Folklife takes good care of its volunteers. After my shift, I dropped by the hospitality center for a cup of coffee. There was a long line for free cookies. The festival used to give its volunteers free beer, but those days are long gone — and probably a good thing! But the musicians are still jamming at the hospitality center.
And speaking of intoxicants, quite a few people — mostly teenagers — were taking advantage of Washington’s new pot laws, though they didn’t seem to know that while weed is legal now, it’s not legal in public places. The festival posted rather tartly worded signs all over the grounds to remind them:
Walking past the Fisher Green stage, I heard the dulcet tones of David Maloney (oldtimers will remember Seattle’s favorite folk duo of yore, Reilly and Maloney) and stopped by to listen to David sing “Save the Last Dance For Me” and “A White Sport Coat (and a Pink Carnation).” Sweet stuff.
Over in Warren’s Roadhouse — named for the late Warren Argo, whose hoarse voice and banjo I could still hear echoing in the high ceiling of that barn of a room — the GorTexans (great name!) were laying down a sweet Western Swing ballad to a dance floor that was fair-to-middlin’ full.
The festival cultural focus this year is Washington Works, which takes in labor history. Folklife presented a cool panel featuring four women who had done factory jobs during World War II — “Rosie the Riveters.” The Rosies told some great stories about learning to actually put in rivets, drilling holes in the wing panels of B-17 bombers, sewing nets that prevented Japanese submarines from entering western harbors and building gigantic sheet metal ventilation pipes for ships.
“We didn’t think we were trailblazers,” said Georgie Kunkel, “but we were happy to get a man’s wage.” That wage was about 67 cents an hour, by the way! Georgie said she met her husband at the Trianon Ballroom — “after I found him, I didn’t bother going back again” — and he sent her a ring from overseas, shortly thereafter. “Consider yourself engaged,” he wrote. She held up the ring for everyone to see. I guess that’s one proposal that stuck.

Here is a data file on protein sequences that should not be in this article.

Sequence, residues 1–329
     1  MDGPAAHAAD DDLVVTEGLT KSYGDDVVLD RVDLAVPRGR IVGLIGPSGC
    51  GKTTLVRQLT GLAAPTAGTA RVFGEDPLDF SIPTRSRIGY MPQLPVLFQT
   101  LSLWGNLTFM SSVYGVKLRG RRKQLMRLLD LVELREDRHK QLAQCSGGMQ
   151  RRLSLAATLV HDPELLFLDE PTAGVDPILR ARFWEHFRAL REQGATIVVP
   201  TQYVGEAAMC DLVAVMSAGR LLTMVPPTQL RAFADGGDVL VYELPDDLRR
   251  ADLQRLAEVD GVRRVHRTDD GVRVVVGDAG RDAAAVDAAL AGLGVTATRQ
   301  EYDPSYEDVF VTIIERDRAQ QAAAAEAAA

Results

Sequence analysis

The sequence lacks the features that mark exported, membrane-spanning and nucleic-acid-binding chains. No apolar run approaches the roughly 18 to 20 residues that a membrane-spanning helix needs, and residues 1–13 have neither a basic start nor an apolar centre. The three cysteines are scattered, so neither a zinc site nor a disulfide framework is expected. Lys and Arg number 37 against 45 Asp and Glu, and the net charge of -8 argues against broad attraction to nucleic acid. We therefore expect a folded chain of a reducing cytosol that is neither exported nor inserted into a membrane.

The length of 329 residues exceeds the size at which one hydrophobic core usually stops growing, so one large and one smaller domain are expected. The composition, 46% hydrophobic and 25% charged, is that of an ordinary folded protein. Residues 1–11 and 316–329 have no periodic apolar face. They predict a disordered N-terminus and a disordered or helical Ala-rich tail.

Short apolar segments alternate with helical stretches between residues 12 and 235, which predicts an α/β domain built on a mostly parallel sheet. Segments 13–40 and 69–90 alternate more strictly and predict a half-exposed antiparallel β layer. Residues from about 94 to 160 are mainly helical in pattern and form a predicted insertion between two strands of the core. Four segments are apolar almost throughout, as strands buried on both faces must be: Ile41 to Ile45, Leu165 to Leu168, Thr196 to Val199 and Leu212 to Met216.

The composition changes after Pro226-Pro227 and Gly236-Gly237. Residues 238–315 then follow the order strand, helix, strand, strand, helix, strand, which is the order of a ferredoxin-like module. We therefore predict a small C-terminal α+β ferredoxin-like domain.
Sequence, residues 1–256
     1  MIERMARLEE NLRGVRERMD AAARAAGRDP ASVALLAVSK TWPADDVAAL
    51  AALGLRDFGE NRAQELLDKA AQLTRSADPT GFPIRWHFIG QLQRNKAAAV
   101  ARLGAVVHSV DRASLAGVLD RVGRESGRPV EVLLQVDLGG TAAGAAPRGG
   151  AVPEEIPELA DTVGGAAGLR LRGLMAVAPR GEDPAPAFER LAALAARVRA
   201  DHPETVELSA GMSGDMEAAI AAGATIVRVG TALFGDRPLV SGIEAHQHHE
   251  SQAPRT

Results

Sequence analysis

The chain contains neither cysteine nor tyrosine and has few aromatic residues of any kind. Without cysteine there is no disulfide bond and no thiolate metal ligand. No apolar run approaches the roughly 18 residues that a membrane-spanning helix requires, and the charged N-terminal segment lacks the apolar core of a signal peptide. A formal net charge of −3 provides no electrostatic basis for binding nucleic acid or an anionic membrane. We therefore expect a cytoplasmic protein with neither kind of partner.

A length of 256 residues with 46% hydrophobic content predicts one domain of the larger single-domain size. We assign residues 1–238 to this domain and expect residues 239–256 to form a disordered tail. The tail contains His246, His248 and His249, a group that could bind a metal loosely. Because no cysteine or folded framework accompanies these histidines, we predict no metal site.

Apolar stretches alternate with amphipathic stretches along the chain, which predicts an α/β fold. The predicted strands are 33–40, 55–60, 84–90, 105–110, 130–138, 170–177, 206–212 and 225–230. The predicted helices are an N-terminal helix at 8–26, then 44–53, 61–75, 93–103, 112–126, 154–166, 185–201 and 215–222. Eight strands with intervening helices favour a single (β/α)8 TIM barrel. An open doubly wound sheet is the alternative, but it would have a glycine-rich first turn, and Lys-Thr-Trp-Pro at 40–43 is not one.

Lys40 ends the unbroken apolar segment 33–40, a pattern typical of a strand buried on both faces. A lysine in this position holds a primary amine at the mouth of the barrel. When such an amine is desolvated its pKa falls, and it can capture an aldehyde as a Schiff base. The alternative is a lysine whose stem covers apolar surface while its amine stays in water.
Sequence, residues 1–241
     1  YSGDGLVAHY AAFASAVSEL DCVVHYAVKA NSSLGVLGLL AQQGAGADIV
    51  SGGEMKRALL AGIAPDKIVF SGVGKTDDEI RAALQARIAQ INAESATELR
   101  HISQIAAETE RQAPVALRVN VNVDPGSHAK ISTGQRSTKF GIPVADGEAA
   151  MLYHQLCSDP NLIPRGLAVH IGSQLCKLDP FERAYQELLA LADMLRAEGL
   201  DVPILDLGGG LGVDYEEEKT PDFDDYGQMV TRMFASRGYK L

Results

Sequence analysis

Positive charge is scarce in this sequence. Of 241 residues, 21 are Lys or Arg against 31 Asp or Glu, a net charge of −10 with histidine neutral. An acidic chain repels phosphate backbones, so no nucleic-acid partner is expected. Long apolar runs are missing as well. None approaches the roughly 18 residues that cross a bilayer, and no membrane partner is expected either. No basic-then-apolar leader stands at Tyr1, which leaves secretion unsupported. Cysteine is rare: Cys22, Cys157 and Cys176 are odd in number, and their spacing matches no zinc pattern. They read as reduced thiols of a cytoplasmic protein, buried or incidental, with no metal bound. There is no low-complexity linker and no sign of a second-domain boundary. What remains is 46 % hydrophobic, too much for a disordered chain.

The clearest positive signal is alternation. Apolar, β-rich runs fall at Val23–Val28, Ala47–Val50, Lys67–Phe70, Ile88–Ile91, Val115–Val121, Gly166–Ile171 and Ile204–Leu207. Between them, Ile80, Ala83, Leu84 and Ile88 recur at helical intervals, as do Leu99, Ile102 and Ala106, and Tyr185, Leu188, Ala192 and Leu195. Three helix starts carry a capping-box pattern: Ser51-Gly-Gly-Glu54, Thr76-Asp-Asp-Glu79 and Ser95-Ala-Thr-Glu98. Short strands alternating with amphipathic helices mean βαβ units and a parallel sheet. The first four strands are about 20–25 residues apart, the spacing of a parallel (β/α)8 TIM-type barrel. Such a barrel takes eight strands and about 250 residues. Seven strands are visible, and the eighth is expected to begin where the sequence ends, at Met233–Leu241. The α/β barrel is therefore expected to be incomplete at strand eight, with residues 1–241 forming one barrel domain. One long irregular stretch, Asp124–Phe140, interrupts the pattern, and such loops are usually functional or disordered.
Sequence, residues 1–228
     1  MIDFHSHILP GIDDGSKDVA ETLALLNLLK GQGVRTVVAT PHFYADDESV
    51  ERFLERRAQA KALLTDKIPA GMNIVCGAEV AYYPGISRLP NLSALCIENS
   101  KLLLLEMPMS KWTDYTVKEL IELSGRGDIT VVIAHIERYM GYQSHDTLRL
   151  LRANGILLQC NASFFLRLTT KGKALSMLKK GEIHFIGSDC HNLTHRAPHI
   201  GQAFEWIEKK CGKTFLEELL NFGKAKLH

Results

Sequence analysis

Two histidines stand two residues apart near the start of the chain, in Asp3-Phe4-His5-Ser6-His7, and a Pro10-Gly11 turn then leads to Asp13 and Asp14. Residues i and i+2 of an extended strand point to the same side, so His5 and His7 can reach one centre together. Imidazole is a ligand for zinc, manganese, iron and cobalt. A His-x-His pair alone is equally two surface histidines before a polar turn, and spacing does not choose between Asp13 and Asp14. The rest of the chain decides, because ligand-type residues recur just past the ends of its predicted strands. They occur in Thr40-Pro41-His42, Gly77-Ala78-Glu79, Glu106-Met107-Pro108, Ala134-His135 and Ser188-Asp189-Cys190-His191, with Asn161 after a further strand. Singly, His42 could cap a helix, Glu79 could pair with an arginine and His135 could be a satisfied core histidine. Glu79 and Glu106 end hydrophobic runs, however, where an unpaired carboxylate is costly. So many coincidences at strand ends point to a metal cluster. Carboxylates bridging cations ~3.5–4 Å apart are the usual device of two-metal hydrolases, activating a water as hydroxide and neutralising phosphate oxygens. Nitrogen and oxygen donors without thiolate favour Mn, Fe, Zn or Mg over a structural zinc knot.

Down in the bowels of the Armory (formerly known as Center House), some folks showcased a charming Scottish tradition called a Gaelic Crankie in the Center Theater. The way this works is that a scroll of felt with colorful, childlike drawings on it is “cranked” across a puppet theater-like screen, as one person narrates and another sings. This particular story was about a small island off the coast of Scotland where a shipwreck yielded 250,000 bottles of whisky. When the tax authorities come looking for it, the local folks hide it in everything from baby cribs to water bottles and it is never discovered. Needless to say, everyone “lived happily ever after.” And a couple sheets to the wind, to boot. A little shadow dancer appeared in the backlit box behind the felt, celebrating.
My Folklife afternoon ended on the still-damp grass of the Mural Amphitheatre, where Grand Hallway was crooning blissed-out vocals over suspended chords and “ooh-ooh-ooh” harmonies. I lay back and closed my eyes and when I looked up, I saw this:
See you at Folklife tomorrow!